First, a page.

The EMS system in Osaka, Japan serves 8.8 million residents in both urban and rural communities. Each ambulance is staffed with three EMS providers who are authorized to use an AED, and one of whom is an emergency life-saving technician (ELST). ELST’s may insert an intravenous line, administer adrenaline, and place AAM devices for OHCA patients under on-line medical direction. All OHCA patients are transported to the hospital. The authors screened seven years of data from all consecutive OHCA cases aged ≥18 years for whom EMS personnel attempted CPR. Traumatic arrests, patients whose time from the call to EMS until the start of CPR by EMS was ≥60 min, whose time between the start of CPR by EMS and the achievement of AAM was ≥30 min, or whose Glasgow-Pittsburgh Cerebral Performance Category scale (CPC) at one-month after OHCA was unknown were excluded from the study. There were 27,471 patients with OHCA treated with an AAM. Cases were divided into Early AAM, 0-4 minutes (11,536) and Late AAM, 5-29 minutes (15,939).

Primary outcome was functionally favorable survival at one-month. The authors estimated adjusted odds ratio (OR) of survival from time of CPR to AAM using multivariable logistic regression. In the secondary analysis, they divided the time from CPR to AAM into early (0–4 min) and late (5–29 min). They then calculated propensity scores (PS) for early AAM and performed PS-matching. Time from CPR to AAM was inversely associated with functionally favorable survival (adjusted OR 0.90 for one-minute increments as a continuous variable, 95% confidence interval [CI] 0.87–0.94). In the PS-matched cohort of 17,022 patients, early AAM, compared to late AAM, was associated with functionally favorable survival: 2.2% vs. 1.4%; adjusted OR 1.58 (95% CI 1.24–2.02).

There were several limitations to the study. All patients were from a single EMS System. Not all providers used the same AAM device. Most providers inserted supra-glottic airways while a small number of trained ELST’s were allowed to use endotracheal intubation. Because AAM happened only when patients were still receiving CPR, a time bias toward favorable outcomes with earlier return of spontaneous circulation (ROSC) could exist.

This single system study demonstrated slightly better functional survival of OHCA patients with earlier AAM. This paper adds to the conflicting data regarding this issue. Unfortunately, the authors missed an opportunity to compare the outcome of OHCA patients who did not receive AAM with those who did as they chose not to analyze an additional 16,000 cases that were managed without AAM. The answer to the question of optimal airway management and the timing of that intervention for OHCA will have to await additional study.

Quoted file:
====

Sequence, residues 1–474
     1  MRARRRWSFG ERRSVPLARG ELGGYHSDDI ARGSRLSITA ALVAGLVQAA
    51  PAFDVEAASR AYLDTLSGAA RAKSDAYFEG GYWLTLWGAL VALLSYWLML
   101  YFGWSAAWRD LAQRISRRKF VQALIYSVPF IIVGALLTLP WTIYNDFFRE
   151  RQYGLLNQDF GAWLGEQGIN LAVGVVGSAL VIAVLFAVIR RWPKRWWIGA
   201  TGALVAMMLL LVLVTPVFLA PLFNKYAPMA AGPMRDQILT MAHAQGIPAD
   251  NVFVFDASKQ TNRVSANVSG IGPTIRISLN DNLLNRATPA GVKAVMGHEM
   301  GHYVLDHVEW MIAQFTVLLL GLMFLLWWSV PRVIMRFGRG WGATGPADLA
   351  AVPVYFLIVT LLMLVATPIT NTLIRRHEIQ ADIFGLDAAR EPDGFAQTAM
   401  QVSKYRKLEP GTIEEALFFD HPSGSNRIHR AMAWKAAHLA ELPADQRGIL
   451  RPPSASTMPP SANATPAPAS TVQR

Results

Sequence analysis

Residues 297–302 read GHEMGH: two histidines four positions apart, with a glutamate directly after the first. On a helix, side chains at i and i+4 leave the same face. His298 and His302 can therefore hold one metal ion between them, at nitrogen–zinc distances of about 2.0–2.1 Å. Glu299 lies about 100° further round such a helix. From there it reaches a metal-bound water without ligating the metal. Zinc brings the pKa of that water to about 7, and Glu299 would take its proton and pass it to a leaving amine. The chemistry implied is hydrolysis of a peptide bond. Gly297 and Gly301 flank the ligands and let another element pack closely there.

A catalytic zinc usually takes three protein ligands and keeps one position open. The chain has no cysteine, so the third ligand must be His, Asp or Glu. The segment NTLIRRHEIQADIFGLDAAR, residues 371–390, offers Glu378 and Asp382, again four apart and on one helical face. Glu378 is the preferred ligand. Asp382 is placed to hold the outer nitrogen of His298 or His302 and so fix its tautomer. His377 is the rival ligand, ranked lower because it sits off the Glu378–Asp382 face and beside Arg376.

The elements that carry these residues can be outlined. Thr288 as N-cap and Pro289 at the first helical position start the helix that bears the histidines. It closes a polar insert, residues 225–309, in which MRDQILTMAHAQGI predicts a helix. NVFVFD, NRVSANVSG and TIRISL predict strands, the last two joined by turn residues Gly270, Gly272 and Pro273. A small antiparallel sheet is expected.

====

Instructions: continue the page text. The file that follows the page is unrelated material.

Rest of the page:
3. Association Between Emergency Medical Service Response time and Motor Vehicle Crash Mortality in the United States. Byrne J, Mann C, Dai M, et al. JAMA Surg. 2019;154(4):286-293.

The leading cause of trauma morbidity and mortality in the U.S. (and worldwide) is motor vehicle crashes (MVCs). Emergency Medical Services (EMS) ambulance response is an important bridge between the time of injury and the time to definitive care. This study looked to evaluate the relationship between ambulance response time (RT) and death from MVC.

This study is a retrospective study evaluating EMS response time and mortality from motor vehicle crashes in 2268 counties in the USA during a three year period from January 2013 to December 2015. The study used data obtained from the National Emergency Medical Services Information System (NEMSIS) and the National Highway Traffic Safety Administration Fatality Analysis Reporting data. Inclusion in the study was limited to crashes involving standard motor vehicles and excluded motorcycles, heavy trucks, pedestrians and bicyclists as well as refusals of service and transport to urgent care centers.